Ask an expert: My new Japanese maple plants seem droopy. What can I do? – OregonLive

ask-an-expert:-my-new-japanese-maple-plants-seem-droopy.-what-can-i-do?-–-oregonlive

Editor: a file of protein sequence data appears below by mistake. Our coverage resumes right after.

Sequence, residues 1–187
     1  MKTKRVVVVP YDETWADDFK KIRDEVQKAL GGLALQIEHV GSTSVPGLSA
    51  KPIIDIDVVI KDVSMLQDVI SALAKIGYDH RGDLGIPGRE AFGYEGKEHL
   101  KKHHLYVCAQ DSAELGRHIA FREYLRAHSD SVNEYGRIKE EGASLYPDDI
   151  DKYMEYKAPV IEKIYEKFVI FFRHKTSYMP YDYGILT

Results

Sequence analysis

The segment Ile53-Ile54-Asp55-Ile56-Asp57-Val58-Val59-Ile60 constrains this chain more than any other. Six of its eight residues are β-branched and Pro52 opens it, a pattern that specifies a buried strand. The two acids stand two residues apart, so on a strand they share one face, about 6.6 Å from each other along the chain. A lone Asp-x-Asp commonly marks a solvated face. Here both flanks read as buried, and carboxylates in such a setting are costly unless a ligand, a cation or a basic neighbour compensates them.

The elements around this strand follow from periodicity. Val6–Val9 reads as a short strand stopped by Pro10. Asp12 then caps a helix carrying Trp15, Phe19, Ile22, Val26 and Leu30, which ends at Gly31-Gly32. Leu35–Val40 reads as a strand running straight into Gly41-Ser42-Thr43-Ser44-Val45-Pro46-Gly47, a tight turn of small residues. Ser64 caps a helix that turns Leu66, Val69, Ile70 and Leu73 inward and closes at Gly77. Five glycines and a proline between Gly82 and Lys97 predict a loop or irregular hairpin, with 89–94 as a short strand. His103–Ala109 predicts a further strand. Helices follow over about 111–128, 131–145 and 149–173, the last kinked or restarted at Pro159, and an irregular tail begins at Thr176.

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The gardening season is up and running and if you’ve got questions, turn to Ask an Expert, an online question-and-answer tool from Oregon State University’s Extension Service. OSU Extension faculty and Master Gardeners reply to queries within two business days, usually less. To ask a question, simply go to the OSU Extension website and type it in and include the county where you live. Here are some questions asked by other gardeners. What’s yours?Q: I bought two Japanese maples at a plant sale a couple of weeks ago, and they arrived in 3-gallon pots and are about 6 feet tall, with long thin trunks and are completely drooped. Can I train them upright or shall I take out the tops entirely?A: There are many varieties of Japanese maples. Some varieties are small trees and reach heights of between 6 to 25 feet, while others are more like weeping shrubs. Your Japanese maples appears to be one of the small tree varieties.Japanese maplesOSU Extension ServiceThese Japanese maples, as a small tree variety, should be trained as upright trees. After transplanting the trees, continue to use stakes for support as Japanese maples tend to have shallow root systems. Updating the stakes with ones that are more appropriate to the size of trees would be beneficial. When staking be careful not to disturb the root ball and remove the stakes within one year. Selecting, Planting, and Caring for A New Tree has more information on how to stake trees.Be sure to plant the Japanese maples in dappled shade with soil that drains well, is slightly acidic and is high in organic matter. Do not add fertilizer when transplanting the trees, their roots do not have the ability to uptake nutrients. Wait until next spring to fertilize. Mulch can be used to help retain moisture in the soil, just make sure it stays several inches from the trunk as to not cause damage to the trees. Additional transplanting and care information is provided in Japanese Maples - Brilliance and Delicacy.The best time to prune a Japanese maple is during the winter when they are dormant. Winter, when they are without leaves, makes it easy to see the structure of the trees and remove any dead or dying wood. It is usually best not to take out the top or the “central leader” of a tree, but if you want a multi-stemmed tree, instead of a single, main trunk, it may be appropriate. During the summer, only prune for thinning and keeping good air flow. The link Pruning Japanese Maples includes additional information about the best ways to prune your Japanese maple. – Jan Gano, OSU Extension Master GardenerFallen fir needles. Oregonian file photo. Jamie Hale/The OregonianQ: I have a large fir tree in my yard that has been dropping a lot of needles this spring. They are messy. Any advice? – Marion CountyA: Evergreens, as conifers are often called, are not truly evergreen. They drop some needles every year, especially toward the end of winter. The cones will fall off after they have matured and opened to drop seeds.The lichens on the trunks are also common and do not hurt the tree. They just use the tree bark as a home. They enrich the soil by trapping water, dust and silt. When lichens die, they contribute organic matter to the soil, improving the soil so that other plants can grow there.From your photos, it does not appear that your trees are losing an inordinate number of needles. If you notice the new growth tips dying or other issues on the trees themselves, please take photos and write again. Otherwise, I would say your trees are behaving quite normally. – Lynne Marie Sullivan, OSU Extension Master GardenerQ: I have two spruce trees that I transported here from Colorado 10 years ago. They were small then and have only grown about 2 feet since then because I only had an apartment balcony for them. I’m planning now to transplant them into grow bags since I now have a much better space for them. (I’m still renting so I can’t put them in the ground.) I have good dirt from a forest product company but would like to know if I should put anything in the bottom of the 20-pound grow bags, or any other suggestions you might have for transplanting them. – Lane CountyA: I hope that you mean good potting soil, not dirt, for the planting mix. All that should go into the grow bag is the tree and the planting mix.Do not plant any deeper than it is now planted. Regular soil should not be used in one of these bags. Also, the black bags tend to heat up a lot in the summer and that can cause root problems and watering problems. The problem can be solved somewhat by wrapping the bag loosely with a reflective material such as aluminum foil or by setting a cardboard box (open ended, of course) around the grow bag. This helps insulate against wide temperature changes. – Pat Patterson, OSU Extension horticulturistDahlia bulbs. File photo. Can dahlia bulbs be planted in chicken manure? Q: Can dahlia bulbs be planted in 15% chicken manure? I have already planted them in pots with this mixture but began to wonder if this mixture is too “hot” to start bulbs in? – Jackson CountyA: I am linking here to a chart listing the composition of your chicken manure: This mix is meant as a soil amendment to potting or top soil to improve fertility and drainage. The manure bag should list how to use it. Dahlias are heavy feeders and need a good, loose organic rich soil (such as you get by adding the manure to soil). 1More information on Dahlia Culture can be found at this site. – Sharon May, OSU Extension Master GardenerNote to readers: if you purchase something through one of our affiliate links we may earn a commission.
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